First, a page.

Bukkit provides a way to automatically update plugins before they get loaded. For example if you wanted to update WorldEdit.jar, simply put the new version in update/WorldEdit.jar, and the next time the server restarts Bukkit will automatically copy the updated plugin into the plugins folder!

settings.plugin-profiling (default: false)

This option will enable the use of Timings to profile plugins, the implementation of this profiler will depend on the Minecraft Server JAR you’re using. If you’re using Paper or a fork of it, then this option is overwritten by paper.yml.

settings.connection-throttle (default: 4000)

If you have the issue of players rejoining the server too frequently, this will let you control how often players can join, logout, and join again. The value is in milliseconds, so if you wanted players to only be able to rejoin every 10s, you would set it to 10000.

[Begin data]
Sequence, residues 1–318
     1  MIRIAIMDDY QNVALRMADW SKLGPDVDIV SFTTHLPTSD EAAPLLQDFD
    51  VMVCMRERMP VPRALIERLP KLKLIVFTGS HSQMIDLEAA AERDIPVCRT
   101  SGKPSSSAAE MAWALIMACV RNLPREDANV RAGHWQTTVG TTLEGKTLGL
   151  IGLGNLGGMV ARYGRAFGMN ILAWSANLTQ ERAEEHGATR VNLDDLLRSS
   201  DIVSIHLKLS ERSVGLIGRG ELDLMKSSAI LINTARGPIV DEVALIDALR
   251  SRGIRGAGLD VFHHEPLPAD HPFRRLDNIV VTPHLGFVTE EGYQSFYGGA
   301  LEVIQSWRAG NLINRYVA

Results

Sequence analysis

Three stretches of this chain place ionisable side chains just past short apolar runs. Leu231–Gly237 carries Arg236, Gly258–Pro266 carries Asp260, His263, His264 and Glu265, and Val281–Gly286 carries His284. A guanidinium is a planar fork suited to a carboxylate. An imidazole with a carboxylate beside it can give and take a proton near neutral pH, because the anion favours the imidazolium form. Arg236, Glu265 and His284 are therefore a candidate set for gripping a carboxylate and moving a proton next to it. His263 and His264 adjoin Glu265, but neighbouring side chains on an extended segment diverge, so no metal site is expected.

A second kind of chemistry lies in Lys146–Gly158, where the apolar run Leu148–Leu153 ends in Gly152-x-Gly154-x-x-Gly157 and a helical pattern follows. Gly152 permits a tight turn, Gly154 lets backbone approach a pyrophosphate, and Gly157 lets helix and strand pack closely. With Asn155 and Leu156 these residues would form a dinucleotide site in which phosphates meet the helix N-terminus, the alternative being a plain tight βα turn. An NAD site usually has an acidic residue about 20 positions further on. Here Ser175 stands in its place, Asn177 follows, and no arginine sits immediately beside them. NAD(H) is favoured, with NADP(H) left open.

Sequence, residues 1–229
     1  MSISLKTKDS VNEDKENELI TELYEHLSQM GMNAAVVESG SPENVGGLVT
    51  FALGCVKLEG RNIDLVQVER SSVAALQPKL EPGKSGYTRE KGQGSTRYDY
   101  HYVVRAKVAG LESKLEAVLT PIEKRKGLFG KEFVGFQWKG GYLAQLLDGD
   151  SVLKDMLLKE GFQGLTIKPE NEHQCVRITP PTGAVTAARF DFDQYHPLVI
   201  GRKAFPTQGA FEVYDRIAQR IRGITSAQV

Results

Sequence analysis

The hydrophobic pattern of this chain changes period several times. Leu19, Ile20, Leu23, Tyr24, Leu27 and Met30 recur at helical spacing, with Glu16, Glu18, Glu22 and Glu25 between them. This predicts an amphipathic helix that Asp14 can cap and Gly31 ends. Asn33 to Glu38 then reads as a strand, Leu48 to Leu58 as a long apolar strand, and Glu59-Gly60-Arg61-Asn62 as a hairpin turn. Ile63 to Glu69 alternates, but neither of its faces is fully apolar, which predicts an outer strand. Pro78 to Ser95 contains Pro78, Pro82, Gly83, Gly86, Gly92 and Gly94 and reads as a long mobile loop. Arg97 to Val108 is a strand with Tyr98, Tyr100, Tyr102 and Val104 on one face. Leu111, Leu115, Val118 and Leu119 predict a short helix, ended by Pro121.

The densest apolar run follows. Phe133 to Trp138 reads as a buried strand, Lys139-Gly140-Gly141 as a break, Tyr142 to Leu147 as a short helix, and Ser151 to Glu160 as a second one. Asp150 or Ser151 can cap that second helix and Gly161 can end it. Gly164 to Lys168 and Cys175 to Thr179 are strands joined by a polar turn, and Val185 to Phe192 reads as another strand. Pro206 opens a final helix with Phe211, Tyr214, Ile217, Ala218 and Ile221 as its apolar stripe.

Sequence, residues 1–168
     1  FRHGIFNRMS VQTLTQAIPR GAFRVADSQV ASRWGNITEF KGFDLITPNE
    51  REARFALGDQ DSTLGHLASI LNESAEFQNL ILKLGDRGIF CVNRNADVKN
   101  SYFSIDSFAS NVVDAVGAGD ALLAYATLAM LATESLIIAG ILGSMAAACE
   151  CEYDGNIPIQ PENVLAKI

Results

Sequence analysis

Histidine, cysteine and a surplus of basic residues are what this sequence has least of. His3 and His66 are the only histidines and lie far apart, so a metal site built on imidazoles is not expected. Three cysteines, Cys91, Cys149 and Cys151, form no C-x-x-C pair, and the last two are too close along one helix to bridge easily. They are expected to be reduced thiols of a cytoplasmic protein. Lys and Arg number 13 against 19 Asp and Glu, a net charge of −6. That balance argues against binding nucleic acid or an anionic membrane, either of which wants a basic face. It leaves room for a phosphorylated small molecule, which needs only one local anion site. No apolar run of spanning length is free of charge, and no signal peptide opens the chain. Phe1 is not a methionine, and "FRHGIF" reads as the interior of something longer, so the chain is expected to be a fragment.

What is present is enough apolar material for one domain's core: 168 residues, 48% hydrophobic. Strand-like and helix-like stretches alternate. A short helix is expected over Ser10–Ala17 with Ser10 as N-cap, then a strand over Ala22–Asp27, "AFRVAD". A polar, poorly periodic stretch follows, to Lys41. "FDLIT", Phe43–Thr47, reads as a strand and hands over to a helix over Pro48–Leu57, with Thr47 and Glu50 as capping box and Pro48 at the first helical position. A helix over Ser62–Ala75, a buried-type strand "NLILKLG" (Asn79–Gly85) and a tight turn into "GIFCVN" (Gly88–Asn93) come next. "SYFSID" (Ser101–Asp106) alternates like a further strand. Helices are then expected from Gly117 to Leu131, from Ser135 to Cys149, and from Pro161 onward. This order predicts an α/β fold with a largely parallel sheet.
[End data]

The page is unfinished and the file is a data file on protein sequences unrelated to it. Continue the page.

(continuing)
settings.query-plugins (default: true)

This option is used when the Minecraft Server is asked about what plugins it has installed in two different spots:

  1. When the Minecraft Server creates a report
  2. When rcon is used to query the status of the server.

settings.deprecated-verbose (default: default)

This option is used in several places regarding whether the server will report on a plugin doing deprecated actions. It should be left to default unless you have a reason to use it in another mode (off / on).

settings.shutdown-message (default: Server closed)

Bukkit allows you to configure the message sent to players when the server shuts down. If you’d like to use custom colors, you can add them by using the § prefix like so: §6Shutting Down.

settings.minimum-api (default: none)

To maintain compatibility with old plugins, Bukkit has developed a system that allows plugins to define which version of Bukkit they’re based off. If you’d like to disallow old plugins without a defined API version, or plugins that have defined an older API version, you can set the minimum here. Valid values as of 1.17 are: 1.13, 1.14, 1.15, 1.16, 1.17.


  monsters: 70
  animals: 10
  water-animals: 15
  water-ambient: 20
  ambient: 15